Trough the story and paintings of second generation Korean-Russian artist Nikolai SHIN (SHIN Soon-nam), the forgotten tragedy of Stalin’s 1937 forced migration policy comes alive. Korean-Russians were forced to board relocation trains to unknown destinations, sometimes for more than 20 days without food or lavatories. A documentary of grand scale, shot on 35mm by a first-time Korean female filmmaker barely 30 years old, this is truly a rare jewel.
Constructed as an epitaph to the novelist Kenji NAKAGAMI, who died in 1992 at the untimely age of 46, this film is sure to provoke an emotional reaction. Shinji AOYAMA pursues his subject-matter with a insatiable appetite, indulging in the writer’s fascination for memory and travel. The filmmaker sojourns in the haunts of Kenji NAKAGAMI’s childhood in the deep south of Japan. He looks for the ‘roji’, the ‘alley’, where the writer spent his formative years. In AOYAMA’s film, the director draws a sharp contrast between the past and the present.
A World Cup for all Koreans? The media maintains that all Koreans enjoyed the World Cup Festival. However, there are others who could not. During the World Cup games, held in June 2002, there were minorities excluded from its feverish spectacle. Indeed, the World Cup fever itself repressed minorities. This is their story.
“Tibet Tibet” is a nonfiction road movie in which the filmmaker travels to the Tibet mainland from India through China. He filmed the real Tibet from a traveler’s viewpoint. In 1999, a year later, he returned to India across the Himalayas and interviewed Tibetan refugees who has just ended exile from China.
A woman leaves the city for the countryside in search of freedom. She meets a man who does natural dyeing for a living there. They suddenly get married and go on honeymoon with one of the bride’s friends on bicycles. However, from the beginning they are in conflict. Finally, on the last day of the honeymoon, their conflict worsens. They started the journey with smiling faces, but they come back filled with loneliness.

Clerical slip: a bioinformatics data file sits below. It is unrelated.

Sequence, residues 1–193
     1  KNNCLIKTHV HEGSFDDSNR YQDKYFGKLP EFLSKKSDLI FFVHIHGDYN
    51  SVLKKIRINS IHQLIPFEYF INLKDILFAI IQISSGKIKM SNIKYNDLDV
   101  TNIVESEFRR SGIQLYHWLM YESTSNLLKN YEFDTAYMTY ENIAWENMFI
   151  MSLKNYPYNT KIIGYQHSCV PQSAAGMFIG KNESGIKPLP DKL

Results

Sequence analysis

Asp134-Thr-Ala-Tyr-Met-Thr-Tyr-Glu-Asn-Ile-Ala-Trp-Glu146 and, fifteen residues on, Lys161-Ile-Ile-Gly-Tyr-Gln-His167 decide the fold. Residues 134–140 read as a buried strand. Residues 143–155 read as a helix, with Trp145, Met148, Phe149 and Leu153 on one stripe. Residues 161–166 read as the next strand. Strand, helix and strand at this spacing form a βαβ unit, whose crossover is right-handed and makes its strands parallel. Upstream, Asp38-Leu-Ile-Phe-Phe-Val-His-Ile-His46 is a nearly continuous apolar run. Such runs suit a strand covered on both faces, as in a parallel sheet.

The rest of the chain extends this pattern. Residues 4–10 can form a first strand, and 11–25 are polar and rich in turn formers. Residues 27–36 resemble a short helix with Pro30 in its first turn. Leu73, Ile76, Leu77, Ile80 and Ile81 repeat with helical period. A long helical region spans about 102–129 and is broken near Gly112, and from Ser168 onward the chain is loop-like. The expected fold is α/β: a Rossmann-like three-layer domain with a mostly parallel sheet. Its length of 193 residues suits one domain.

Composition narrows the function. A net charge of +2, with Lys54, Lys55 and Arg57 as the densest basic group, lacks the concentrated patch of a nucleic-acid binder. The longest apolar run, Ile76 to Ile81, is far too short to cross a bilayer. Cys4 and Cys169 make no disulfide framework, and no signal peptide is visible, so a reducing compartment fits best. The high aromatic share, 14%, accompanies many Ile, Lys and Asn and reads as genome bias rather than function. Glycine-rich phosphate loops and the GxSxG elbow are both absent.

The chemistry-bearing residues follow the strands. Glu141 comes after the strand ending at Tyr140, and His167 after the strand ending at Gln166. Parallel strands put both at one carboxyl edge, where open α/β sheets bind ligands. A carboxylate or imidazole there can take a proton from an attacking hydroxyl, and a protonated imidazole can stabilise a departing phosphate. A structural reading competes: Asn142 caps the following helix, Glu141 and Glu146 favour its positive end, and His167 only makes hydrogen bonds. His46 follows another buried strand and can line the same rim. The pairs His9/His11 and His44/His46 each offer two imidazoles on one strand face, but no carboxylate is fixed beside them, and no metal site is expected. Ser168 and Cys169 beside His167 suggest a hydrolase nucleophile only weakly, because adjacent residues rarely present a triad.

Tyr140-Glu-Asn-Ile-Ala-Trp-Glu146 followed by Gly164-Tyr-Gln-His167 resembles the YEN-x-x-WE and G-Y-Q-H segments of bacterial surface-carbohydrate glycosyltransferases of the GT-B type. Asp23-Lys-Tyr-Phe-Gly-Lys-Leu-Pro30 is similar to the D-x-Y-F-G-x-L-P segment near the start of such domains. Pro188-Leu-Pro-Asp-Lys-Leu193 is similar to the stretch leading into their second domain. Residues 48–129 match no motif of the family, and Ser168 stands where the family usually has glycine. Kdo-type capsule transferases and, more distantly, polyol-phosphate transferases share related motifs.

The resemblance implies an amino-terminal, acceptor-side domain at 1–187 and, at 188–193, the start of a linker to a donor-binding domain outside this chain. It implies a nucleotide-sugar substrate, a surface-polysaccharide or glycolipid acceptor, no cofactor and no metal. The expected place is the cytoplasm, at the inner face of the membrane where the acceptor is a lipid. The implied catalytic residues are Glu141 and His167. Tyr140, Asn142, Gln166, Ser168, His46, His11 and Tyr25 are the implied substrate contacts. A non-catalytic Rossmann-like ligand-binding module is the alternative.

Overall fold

The resident card system in Korea is the result of the unique situation of the Korean peninsula: the division of South and North Korea. It is the ultimate in “Big Brother” states. However, the South Korean Government argues that such a system is necessary because of the divided nation. This has persuaded people to accept this system without question. In this work, the filmmaker raises the problems of the system, which internalizes both Fascism and represses individuality.
A long time ago in Korea, Mu (Korean Shamanism) ensured the well-being of the country and its people through a Gut which was effectively the passageway between the living and the dead. This work portrays the Mudangs (Korean Shamans) of Korea. Beginning at the Kyung-buk province, where a Byulsin Gut, is performed by a Seseummu, the scene moves up to the Northern part of the Han river where Gangsinmus preside over a Gut.
Using film footage and composition notes left by Shinsuke OGAWA. Chinese director PENG shot additional film and completed the work, which depicts the manufacturing process of the Kaminoyama red persimmon. It also features fascinating portraits of the people who invent and make tools necessary for persimmon culture, and the spiel of the old women who run the persimmon trade. It illustrates the world of this small but strangely charming fruit.
In search of herself and mourning an absent father, Naomi KAWASE imagines she must engrave the stigmata of her painful and poetic experience on the world. It is hard to accept something ‘as it is’, or as a whole. This is because of people’s inclination for selectivity; we give an object a meaning by selecting bits and pieces of it according to our own perspective. Director Naomi KAWASE chose herself as the subject of her film. It is a formidable task to seek one’s hidden ego, imbedded somewhere inside one’s self.
Kim lives in L.A. In the summer of 2000, when she visited Korea, she filmed the daily life of her family on a DV camera. Since her family had never seen themselves on TV, she thought the video world make an exciting present for them. She would edit the video herself. But the editing process wasn’t easy. The following winter she returned to Korea again, this time with her unedited summer video. The work is a documentary of her winter visit to Korea.